Martial Law Extended In Southern Philippines

The Philippines’ Congress has voted to extend martial law on the southern island of Mindanao until the end of the year, guaranteeing a continued intensification of military presence in the region.

Initially declared on May 23rd, martial law was imposed on the island by President Rodrigo Duterte, who presented it as a means to contain an armed uprising by the Islamic State-aligned groups, Abu Sayyaf and the Maute group. Philippine military forces launched an offensive on the largest city and capital of the island, Marawi, in an attempt to apprehend the leader of Abu Sayyaf, Isnilon Hapilon, subsequently leading to the outbreak of widespread fighting across the city. According to Al-Jazeera, more than 300,000 civilians have since been forced to flee the city and surrounding areas; and upwards of 600 civilians have been killed, including forty-five executed by insurgent forces. According to the Constitution of the Philippines, martial law can only be imposed for a maximum of sixty days without congressional approval. President Duterte thus requested that Congress approve his request for an extension of martial law until the end of the year, maintaining that it was a necessary measure to ensure that the threat posed by these groups was contained in the region and that authorities could properly focus on recovering from the conflict. This request was met with overwhelming support by Congress, with only 18 of the 261 members present voting against the motion; a result displaying growing support for the militaristic approach to domestic issues favoured by Duterte.

The island of Mindanao is the home of the Muslim-majority, Moro people. Since 1969, armed groups within the region have been openly hostile to the central government, advocating for the creation of an independent state. From the onset of this insurrection, there have been numerous peace talks between the central government and the primary insurgent group, the Moro National Liberation Front and later, the Moro Islamic Liberation Front. Peace talks were finally deemed successful in 2014, with both parties agreeing to the creation of an autonomous region, Bangsmoro. However, hardliners such as the aforementioned Abu Sayyaf and Maute groups continued their insurgency, citing the continued desire to create an Islamic state encompassing the entirety of the Philippines as their motivation.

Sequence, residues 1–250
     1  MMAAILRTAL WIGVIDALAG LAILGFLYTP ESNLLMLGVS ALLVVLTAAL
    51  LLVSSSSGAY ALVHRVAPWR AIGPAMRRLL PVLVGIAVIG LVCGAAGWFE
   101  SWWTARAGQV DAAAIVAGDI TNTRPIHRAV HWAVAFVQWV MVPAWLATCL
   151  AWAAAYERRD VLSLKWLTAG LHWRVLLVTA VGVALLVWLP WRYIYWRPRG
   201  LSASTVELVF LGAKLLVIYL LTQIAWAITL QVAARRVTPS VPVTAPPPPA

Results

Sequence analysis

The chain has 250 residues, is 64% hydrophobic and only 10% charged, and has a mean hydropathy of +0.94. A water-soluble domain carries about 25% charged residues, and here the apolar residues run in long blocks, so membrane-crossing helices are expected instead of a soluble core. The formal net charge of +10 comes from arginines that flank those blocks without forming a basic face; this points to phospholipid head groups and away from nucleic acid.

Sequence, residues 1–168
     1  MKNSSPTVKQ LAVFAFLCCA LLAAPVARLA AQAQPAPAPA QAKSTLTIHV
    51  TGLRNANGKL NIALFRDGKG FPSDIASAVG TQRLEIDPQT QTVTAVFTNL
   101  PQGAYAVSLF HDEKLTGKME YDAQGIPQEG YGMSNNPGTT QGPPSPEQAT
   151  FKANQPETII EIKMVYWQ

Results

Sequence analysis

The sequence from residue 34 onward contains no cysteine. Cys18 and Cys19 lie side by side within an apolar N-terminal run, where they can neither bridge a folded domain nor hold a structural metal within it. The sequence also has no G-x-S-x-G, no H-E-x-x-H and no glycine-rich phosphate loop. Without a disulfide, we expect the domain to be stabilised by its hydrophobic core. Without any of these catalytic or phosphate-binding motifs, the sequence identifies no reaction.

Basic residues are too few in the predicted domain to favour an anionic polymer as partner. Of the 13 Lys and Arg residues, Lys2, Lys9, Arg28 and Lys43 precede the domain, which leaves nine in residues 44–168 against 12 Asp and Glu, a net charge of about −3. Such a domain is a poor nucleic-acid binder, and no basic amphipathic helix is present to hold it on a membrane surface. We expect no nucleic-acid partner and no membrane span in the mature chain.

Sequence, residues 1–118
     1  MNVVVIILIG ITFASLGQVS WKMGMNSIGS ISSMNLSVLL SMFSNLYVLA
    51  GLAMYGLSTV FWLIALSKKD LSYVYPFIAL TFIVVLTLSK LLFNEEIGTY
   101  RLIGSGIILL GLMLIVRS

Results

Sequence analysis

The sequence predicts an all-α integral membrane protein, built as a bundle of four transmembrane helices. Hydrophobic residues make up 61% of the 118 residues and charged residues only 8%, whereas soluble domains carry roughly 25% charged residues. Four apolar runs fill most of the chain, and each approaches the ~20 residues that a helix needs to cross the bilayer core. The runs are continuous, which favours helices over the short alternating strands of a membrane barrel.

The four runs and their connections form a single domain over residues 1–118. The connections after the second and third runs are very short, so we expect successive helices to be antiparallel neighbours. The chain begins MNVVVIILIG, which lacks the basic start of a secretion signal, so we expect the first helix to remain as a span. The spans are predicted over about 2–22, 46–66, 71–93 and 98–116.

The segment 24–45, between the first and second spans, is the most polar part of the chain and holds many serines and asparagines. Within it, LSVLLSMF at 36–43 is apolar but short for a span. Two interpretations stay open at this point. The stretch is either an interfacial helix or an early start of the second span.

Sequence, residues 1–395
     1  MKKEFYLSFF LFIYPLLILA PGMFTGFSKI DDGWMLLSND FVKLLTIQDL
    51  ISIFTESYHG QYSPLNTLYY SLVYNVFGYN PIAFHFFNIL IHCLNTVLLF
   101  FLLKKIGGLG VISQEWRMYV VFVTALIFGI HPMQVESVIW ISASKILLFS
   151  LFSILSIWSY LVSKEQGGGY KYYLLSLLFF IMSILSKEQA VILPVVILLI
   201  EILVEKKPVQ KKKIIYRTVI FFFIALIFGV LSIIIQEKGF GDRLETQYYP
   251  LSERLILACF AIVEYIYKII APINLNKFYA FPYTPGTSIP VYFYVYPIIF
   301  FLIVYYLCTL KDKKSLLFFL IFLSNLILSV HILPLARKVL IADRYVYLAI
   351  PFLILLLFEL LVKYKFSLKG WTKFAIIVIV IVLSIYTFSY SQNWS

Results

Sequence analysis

Duterte’s government, unlike those preceding it, have refused to seek peace terms with the current insurrection, excluding them from earlier peace negotiations on the grounds that they are nothing more than “criminals.” This, paired with the militant groups’ proclivity towards targeting civilians and participating in criminal endeavours, promises a continuation of strife in the region. Furthermore, detractors of Duterte’s plan for continued martial law state it as both unnecessary and, according to Rommel Banlaoi of the Philippine Institute for Peace, Violence and Terrorism Research, “[…] an exaggeration of the use of coercive power of the state.” Senator Risa Hontiveros, one of the 18 who voted against the extension of martial law, rationalized her opposition stating, “Absent any plausible explanation, I can only reach one conclusion: Martial law has no strategic contribution to the military’s antiterrorism operations in Marawi.” While security remains the top priority for both the government of the Philippines and its population, many fear a return to the authoritative period of Ferdinand Marcos, with Mr. Banlaoi going as far to state, “Extending martial law can unmask the Duterte government’s real political intentions to apply authoritarian rule in the country, like the way he ruled Davao City for 20 years as a city mayor.”